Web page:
Environmental and Public Protection Cabinet
20 mine rescue teams undergo training in simulation of underground disaster
PIKEVILLE, Ky. (April 27, 2007) – Twenty mine rescue teams underwent realistic training this week – a simulated gas explosion in which miners are trapped in smoke-filled passages deep inside a mine in Pike County.
The Mine Emergency Response Drill, which was months in the planning by the Kentucky Office of Mine Safety and Licensing (OMSL), was conducted Monday through today at the former Johns Creek Energy Mine, owned by Sidney Coal Co., in northern Pike County.
Teams drilled each day on the same scenario: a mining crew has accidentally cut into a gas well, causing an explosion. Two miners escape, but seven are trapped.
The rescue teams – four each day – worked in rotation. They restored ventilation and constantly monitored air in the mine while advancing toward the “victims” 2,000 feet underground. The rescuers worked “under apparatus” – meaning they wore breathing devices – and had to fight through blinding smoke produced by a special machine.
“It’s as close as it gets to the real thing,” said Curtis Hall, supervisor of OMSL’s Hazard District.
Hall was among those who took turns manning a “command center” outside the mine, where each rescue team’s progress was carefully charted. Information was relayed to “family members” at a nearby church and to the state Emergency Operations Center in Frankfort in teleconferenced briefings.
Briefings originated from a state-of-the-art mobile command vehicle deployed outside the mine by Kentucky Emergency Management (KyEM), with support from the Kentucky National Guard.
The command vehicle is specially outfitted with a satellite uplink. It also provided radio communication between the mine and Pike County’s 911 dispatch center.
“We certainly appreciated the opportunity to be a part of this exercise,” said Wayne Mullannix, KyEM Training Branch supervisor. “It provided a very realistic scenario and allowed us to test our communications equipment and capabilities. You hope you never have to use the lessons learned from these exercises, but it certainly helps prepare for when you do.”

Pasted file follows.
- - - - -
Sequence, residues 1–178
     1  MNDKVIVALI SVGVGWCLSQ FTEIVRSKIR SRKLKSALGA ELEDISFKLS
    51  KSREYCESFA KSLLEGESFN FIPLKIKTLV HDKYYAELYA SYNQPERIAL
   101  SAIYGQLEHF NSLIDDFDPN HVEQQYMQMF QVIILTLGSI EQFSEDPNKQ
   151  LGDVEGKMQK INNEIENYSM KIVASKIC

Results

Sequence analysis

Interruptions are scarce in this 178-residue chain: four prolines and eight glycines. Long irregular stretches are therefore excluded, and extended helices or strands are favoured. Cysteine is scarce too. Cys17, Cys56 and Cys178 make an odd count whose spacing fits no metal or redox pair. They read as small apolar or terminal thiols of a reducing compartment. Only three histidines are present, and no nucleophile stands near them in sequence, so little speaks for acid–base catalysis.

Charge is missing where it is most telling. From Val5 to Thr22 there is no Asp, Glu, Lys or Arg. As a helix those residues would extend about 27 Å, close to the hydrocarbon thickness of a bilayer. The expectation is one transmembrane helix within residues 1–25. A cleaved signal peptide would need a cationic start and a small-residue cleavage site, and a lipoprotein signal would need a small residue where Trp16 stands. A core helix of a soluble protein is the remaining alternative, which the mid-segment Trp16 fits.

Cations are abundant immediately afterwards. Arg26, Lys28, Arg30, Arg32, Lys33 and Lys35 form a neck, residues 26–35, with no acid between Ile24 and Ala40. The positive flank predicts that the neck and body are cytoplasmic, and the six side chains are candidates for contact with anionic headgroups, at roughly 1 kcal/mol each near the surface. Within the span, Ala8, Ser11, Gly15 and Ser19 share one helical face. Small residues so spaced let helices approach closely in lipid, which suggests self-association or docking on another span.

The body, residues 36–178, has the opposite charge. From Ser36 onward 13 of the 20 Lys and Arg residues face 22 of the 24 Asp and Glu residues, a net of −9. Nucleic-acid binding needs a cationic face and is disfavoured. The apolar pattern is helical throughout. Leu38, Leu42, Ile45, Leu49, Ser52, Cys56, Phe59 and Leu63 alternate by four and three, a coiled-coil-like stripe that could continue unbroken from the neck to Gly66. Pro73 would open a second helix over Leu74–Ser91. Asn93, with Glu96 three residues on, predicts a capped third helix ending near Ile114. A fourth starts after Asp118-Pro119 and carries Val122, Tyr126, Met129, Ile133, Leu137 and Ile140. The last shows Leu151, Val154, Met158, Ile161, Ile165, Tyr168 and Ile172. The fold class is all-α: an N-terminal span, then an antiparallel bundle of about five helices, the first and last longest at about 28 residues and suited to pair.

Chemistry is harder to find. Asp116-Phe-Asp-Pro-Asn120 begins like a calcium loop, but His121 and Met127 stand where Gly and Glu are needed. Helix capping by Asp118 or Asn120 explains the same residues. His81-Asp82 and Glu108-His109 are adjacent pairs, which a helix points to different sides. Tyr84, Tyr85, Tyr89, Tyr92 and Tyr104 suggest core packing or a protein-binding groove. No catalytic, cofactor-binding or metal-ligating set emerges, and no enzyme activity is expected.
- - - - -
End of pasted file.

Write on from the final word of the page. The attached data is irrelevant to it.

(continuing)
In addition to Hall and other OMSL supervisors, the command center was staffed each day by personnel from the federal Mine Safety and Health Administration and the various coal companies that sent teams – ICG Coal, Sidney Coal, Perry County Coal, Webster County Coal, Cardinal Coal, Bledsoe Coal, Peabody Coal, Lone Mountain Processing, Excel Coal and Paramount Coal. Teams also came from all six OMSL districts – Pikeville, Martin, Hazard, Harlan, Barbourville and Madisonville. Some companies sent two teams each.
Kentucky conducts periodic mine emergency response drills, but the exercise this week was the first in which the KyEM mobile command vehicle provided communications support.
Teresa J. Hill, secretary of the Environmental and Public Protection Cabinet, parent agency of OMSL, watched part of the drill from inside the mine on Wednesday.
“Governor Ernie Fletcher has made mine safety a priority and we have seen Kentucky take the lead in passing mine safety legislation,” Hill said. “But it is critically important that rescue teams train underground, encountering the conditions they would face in a real rescue effort. I am pleased so many teams participated in the drill and know they gained valuable experience.”